Given the increasing demands of supporting multi-service networks in a highly flexible architecture, you need to design systems supporting an increasing list of protocols, encapsulation schemes, and data rates.

Example protocols include SONET/SDH, Ethernet, Fibre Channel, Resilient Packet Ring (RPR), Asynchronous Transfer Mode (ATM), and Frame Relay (FR). New encapsulation schemes include standards such as the emerging generic framing procedure (GFP) and virtual concatenation (VCAT), as well as High-Level Data Link Controller (HDLC) and point-to-point protocol (PPP). These technologies must also be able to scale to support rates such as 155 Mbps, 622 Mbps, 1 Gbps, 2.5 Gbps, 10 Gbps, 40 Gbps, and 100 Gbps.

You can address the mounting challenges of communication system design by integrating several functions into a high-density programmable logic device (PLD). For instance, you can integrate functions such as the SONET/SDH framer, OTU Framer, packet interface, mapping, switching, and forward error correction (FEC) into a single Altera® FPGA. Using multiple programmable files, along with the partial reconfiguration capability available in Stratix® V FPGAs, this same FPGA can be reconfigured to support multiple configurations, creating a “universal” front end.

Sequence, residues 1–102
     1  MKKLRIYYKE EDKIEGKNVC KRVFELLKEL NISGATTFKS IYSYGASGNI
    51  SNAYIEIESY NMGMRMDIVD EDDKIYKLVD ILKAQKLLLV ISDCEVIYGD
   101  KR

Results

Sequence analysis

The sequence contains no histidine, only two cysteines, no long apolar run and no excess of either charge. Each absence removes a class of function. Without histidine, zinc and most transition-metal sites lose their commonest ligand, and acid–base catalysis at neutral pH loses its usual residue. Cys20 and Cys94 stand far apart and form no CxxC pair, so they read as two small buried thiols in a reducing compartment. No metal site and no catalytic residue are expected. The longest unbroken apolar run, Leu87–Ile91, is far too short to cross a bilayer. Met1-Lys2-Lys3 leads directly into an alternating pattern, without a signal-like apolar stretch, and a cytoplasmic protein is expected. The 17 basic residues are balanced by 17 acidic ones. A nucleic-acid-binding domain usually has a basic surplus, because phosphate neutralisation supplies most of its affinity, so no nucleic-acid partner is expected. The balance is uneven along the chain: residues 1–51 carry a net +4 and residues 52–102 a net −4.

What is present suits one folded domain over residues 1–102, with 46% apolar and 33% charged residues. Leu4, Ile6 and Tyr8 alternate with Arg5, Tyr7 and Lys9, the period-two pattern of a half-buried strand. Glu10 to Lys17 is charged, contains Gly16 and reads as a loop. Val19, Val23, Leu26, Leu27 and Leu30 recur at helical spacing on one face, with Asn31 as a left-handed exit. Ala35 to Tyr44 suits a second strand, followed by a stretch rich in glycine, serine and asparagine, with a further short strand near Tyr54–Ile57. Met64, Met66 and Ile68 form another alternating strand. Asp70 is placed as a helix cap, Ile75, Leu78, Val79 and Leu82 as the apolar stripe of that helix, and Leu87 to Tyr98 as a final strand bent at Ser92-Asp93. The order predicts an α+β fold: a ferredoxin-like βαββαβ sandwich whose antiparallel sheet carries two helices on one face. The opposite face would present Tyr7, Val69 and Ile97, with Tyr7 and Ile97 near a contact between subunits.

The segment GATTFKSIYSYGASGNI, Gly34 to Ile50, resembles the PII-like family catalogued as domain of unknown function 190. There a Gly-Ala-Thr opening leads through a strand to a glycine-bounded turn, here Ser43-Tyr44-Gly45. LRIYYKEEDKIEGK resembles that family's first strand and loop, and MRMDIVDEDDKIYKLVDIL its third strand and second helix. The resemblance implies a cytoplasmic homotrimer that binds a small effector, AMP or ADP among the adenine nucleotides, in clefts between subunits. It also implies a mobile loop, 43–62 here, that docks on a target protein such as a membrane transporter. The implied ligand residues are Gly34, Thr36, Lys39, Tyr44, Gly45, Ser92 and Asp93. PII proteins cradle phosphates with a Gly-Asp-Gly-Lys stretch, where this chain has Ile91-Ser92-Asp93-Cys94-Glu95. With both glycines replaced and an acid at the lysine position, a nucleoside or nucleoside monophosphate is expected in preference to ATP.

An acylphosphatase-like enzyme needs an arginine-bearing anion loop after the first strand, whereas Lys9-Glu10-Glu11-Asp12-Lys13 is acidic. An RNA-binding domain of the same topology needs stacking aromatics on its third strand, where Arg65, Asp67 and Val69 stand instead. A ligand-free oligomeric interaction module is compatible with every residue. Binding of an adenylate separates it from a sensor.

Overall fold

One Altera FPGA can be designed to support the transport of LAN and WAN traffic over Optical Transport Network (OTN) networks at a variety of different data rates (155 Mbps, 622 Mbps, 2.5 Gbps, 10 Gbps, 40 Gbps, and 100 Gbps). Designing a line card to support either the transport of cells or packets over SONET/SDH as separate PLD configuration options provides a highly optimized solution. You only pay for the gates that you require and are not burdened with the complicated software programming requirements of a multi-function ASSP chipset.

Inventory costs can be further minimized while retaining flexibility by storing multiple device programming files in flash memory. The PLD can be programmed at line-card boot up with the appropriate configuration. By loading the PLD with only the required gates, the PLD size is minimized for each operating mode. The ability to partially reconfigure the device allows you to create a truly “universal” line card that is optimized for density.